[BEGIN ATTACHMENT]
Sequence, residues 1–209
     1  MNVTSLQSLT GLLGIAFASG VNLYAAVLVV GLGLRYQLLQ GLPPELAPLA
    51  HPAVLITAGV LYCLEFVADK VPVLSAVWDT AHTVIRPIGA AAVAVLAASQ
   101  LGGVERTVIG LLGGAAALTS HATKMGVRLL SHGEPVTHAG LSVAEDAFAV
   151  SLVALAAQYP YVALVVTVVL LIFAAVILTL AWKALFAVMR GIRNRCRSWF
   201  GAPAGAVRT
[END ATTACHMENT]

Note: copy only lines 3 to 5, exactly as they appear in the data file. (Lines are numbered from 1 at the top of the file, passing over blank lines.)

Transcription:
    51  HPAVLITAGV LYCLEFVADK VPVLSAVWDT AHTVIRPIGA AAVAVLAASQ
   101  LGGVERTVIG LLGGAAALTS HATKMGVRLL SHGEPVTHAG LSVAEDAFAV
   151  SLVALAAQYP YVALVVTVVL LIFAAVILTL AWKALFAVMR GIRNRCRSWF